The census tells us who we are and where we are going as a nation. The census helps our communities determine where to build everything from schools to supermarkets, and from homes to hospitals. It helps the government decide how to distribute funds and assistance to states and localities. It is also used to draw the lines of legislative districts and reapportion the seats each State holds in Congress.
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When planning for the 1970 census, the need for an accurate count of the population was even greater than in the past because of the increasing tendency for governmental bodies to use population as a basis for distributing funds, and the more general awareness by local government officials and others of the potential effects of census undercounts.
Throughout the 1960s, researchers had reported that the population was increasingly resistant to the census. Studies had shown more alienation and distrust of government, and there appeared to be more organized attempts to protest the census. Furthermore, undercounts following the 1950 and 1960 censuses were blamed upon the enumerators’ failure to follow instructions. Hence, stress was placed on simplified procedures, training, and quality control. Analysis of the results of the 1960 evaluation program and studies performed in the 1950s and 1960s indicated that the reasons for the under counts were more complex. In particular, a substantial part of the undercount appeared to be due to either deliberate attempts by some segments of the population to be omitted from the census or the fact that they did not fit into any households by the “conventional rules” of residence. Even where the undercount was due to complete households being missed, the causes were frequently such that additional enumerator training produced only marginal gains.
This analysis led to a two-phase approach to coverage for the 1970 census. The first phase was the use of a basic census methodology that permitted knowledgeable outside sources to have an offer in put into the list of housing units established by the census, and provided for automatic checks that enumerators actually completed a questionnaire for all known units.1 This was done in areas containing about 60 percent of the population through the creation of an address register independent of the enumeration phase, correction and updating of the register by U.S. Post Office employees familiar with their routes, and checks by Census Bureau employees to ensure that all housing units on the address register were accounted for when enumerators had completed their assignments.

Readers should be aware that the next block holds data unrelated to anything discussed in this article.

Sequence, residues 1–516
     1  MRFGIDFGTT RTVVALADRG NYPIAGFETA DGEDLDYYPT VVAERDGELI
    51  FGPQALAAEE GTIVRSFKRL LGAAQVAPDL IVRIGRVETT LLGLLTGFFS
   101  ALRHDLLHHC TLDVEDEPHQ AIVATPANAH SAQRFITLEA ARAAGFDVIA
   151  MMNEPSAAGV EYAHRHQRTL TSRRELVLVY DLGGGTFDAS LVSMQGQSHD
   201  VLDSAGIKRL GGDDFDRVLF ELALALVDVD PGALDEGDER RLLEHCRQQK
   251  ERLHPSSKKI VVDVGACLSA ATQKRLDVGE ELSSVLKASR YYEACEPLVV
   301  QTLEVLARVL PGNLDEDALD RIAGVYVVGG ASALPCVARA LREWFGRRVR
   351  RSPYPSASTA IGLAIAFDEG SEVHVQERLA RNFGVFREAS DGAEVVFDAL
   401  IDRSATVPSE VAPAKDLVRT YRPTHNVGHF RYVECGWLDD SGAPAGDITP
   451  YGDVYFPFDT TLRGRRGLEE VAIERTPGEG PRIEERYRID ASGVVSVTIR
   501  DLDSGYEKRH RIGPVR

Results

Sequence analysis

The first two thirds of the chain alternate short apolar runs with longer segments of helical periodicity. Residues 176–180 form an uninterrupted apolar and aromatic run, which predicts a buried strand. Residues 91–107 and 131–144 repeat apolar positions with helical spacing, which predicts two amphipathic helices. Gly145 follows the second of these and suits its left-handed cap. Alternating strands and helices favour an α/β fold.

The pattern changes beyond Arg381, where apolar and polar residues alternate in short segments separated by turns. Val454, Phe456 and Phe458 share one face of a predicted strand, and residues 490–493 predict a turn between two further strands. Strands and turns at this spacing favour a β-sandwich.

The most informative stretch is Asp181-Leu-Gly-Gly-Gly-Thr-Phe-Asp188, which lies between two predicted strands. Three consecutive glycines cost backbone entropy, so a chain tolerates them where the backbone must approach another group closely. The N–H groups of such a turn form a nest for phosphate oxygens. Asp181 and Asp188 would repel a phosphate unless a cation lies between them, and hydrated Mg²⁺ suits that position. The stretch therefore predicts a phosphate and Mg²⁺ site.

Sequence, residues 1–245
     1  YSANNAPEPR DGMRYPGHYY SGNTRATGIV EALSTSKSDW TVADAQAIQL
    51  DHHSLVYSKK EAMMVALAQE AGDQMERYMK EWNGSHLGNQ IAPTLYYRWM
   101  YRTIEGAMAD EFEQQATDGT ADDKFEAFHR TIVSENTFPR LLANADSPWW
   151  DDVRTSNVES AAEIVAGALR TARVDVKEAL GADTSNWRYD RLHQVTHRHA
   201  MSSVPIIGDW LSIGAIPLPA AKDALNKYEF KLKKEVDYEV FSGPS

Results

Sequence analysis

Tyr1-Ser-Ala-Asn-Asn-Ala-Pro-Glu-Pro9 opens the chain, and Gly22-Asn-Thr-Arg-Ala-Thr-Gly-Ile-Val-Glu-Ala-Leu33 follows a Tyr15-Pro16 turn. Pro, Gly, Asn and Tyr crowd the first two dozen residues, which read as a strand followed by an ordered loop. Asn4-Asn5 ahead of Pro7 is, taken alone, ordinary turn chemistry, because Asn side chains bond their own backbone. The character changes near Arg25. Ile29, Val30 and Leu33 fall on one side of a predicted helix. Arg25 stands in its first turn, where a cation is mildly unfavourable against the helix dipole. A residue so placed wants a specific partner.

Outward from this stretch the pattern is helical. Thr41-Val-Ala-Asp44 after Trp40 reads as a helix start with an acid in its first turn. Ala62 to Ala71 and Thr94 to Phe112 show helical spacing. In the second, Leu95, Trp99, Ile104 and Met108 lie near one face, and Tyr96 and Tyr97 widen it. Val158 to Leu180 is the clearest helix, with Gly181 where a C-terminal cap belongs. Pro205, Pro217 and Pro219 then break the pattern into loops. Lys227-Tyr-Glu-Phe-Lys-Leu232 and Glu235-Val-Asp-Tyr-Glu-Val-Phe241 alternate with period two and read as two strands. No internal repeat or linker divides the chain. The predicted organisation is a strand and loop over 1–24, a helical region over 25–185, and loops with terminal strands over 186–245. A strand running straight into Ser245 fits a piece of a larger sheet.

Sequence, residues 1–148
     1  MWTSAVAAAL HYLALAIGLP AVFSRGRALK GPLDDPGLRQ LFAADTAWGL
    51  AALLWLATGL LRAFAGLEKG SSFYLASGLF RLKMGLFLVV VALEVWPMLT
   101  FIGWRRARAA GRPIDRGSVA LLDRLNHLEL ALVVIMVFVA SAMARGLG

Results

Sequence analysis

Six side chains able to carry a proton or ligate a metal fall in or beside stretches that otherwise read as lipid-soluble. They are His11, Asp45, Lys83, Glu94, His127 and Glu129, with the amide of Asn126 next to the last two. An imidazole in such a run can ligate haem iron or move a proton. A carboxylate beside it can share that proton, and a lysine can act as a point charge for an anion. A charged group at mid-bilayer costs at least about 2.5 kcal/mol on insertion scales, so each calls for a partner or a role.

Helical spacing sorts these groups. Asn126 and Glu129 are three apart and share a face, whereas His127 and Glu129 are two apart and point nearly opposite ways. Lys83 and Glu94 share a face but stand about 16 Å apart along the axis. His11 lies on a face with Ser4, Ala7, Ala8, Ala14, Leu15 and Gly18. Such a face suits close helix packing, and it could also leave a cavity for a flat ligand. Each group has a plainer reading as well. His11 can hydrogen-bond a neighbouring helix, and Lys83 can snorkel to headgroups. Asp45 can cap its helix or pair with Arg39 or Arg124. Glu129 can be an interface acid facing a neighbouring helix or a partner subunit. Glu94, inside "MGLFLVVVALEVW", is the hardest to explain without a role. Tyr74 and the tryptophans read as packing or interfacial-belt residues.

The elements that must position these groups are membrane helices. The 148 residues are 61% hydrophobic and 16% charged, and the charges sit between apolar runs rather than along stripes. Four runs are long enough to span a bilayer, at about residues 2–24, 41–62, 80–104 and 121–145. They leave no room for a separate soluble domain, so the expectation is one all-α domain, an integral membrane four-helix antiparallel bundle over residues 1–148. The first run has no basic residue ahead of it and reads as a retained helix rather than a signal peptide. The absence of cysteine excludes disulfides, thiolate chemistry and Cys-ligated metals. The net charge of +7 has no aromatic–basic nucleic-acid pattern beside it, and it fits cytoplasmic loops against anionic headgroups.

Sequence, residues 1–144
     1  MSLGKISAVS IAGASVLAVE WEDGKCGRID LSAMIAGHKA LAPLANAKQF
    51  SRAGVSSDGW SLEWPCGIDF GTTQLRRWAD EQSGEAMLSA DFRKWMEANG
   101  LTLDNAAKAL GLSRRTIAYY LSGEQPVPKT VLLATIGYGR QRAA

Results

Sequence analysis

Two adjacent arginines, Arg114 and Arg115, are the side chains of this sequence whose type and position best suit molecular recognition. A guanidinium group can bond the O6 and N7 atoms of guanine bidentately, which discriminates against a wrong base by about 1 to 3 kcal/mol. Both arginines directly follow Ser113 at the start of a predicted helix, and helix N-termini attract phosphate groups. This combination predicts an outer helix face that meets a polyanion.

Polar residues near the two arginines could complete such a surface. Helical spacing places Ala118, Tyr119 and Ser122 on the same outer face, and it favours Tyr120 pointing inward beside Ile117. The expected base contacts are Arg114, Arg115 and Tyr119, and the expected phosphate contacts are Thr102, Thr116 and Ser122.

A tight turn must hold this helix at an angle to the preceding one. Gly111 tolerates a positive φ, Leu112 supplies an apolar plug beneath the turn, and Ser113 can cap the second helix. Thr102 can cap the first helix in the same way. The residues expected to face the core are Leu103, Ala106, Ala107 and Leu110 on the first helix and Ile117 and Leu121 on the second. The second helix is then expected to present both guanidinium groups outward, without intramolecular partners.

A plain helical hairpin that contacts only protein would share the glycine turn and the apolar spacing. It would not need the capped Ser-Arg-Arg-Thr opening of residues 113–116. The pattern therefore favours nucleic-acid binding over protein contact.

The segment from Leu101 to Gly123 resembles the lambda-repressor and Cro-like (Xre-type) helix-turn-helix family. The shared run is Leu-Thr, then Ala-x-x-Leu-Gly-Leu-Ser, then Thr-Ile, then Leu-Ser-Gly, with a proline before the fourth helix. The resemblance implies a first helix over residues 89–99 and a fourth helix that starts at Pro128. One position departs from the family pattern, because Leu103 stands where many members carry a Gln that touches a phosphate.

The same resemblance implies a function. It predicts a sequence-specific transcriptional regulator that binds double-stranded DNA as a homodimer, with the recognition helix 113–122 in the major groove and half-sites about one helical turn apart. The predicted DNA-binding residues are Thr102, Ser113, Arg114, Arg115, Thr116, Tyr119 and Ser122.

A self-enumeration questionnaire was used in 1970 (as in 1960 for 60 percent of the population). Such questionnaires were believed to provide better reporting within households, because they provided respondents uniform census definitions and rules to follow for unusual household residence situations. In the areas containing the remaining 40 percent of the population, more conventional listing procedures were followed, but with self-enumeration features.
The second phase of the 1970 enumeration was to superimpose on the regular census procedures projects specifically designed to increase coverage. Prior to 1970, studies of the effectiveness of a variety of devices for improving coverage were made, generally as part of large-scale tests conducted during the 1960s, which resulted in several coverage improvement initiatives.
The 1970 coverage improvement program included measures to improve coverage by (1) developing a more favorable public view of the census; (2) increasing the public’s understanding of the importance of the census and its confidentiality; and (3) improving the enumerators’ performance in hard-to-enumerate areas through intensive training and supervision. The specific changes made included—
Census questionnaires with instruction sheets were delivered by the U.S. Post Office to every household several days prior to “Census Day”—April 1, 1970. In areas with comparatively large populations of Spanish-speaking households, a Spanish-language version of the instruction sheet also was enclosed. Households either received a short-form questionnaire, which contained questions asked of 100 percent of the population (80 percent of the population received this form), or a long-form questionnaire, sent to 20 percent of the population, containing questions asked of 15 and 5 percent of the population.
In larger metropolitan areas and some adjacent counties (approximately 60 percent of the United States’ population), households were asked to complete and return the questionnaire by mail on April 1, 1970 (resulting in an 87 percent mail back response rate), which was then reviewed by an enumerator or census clerk. Telephone or personal follow-up was made to complete or correct missing, incomplete, or inconsistent questionnaires. For the remaining 40 percent of the United States’ population, instructions asked that the householder complete the form and hold it for pickup by an enumerator.
1 Throughout the census history, a small percentage of enumerators completed questionnaires by “curb stoning.” Curb stoning meant the enumerator completed questionnaires for an individual or multiple households from the curb, without actually conducting an interview or checking the accuracy of their “guesses.” This practice was motivated, in part, by the requirement to meet quotas or payment for work done on a “piece-of-work” basis.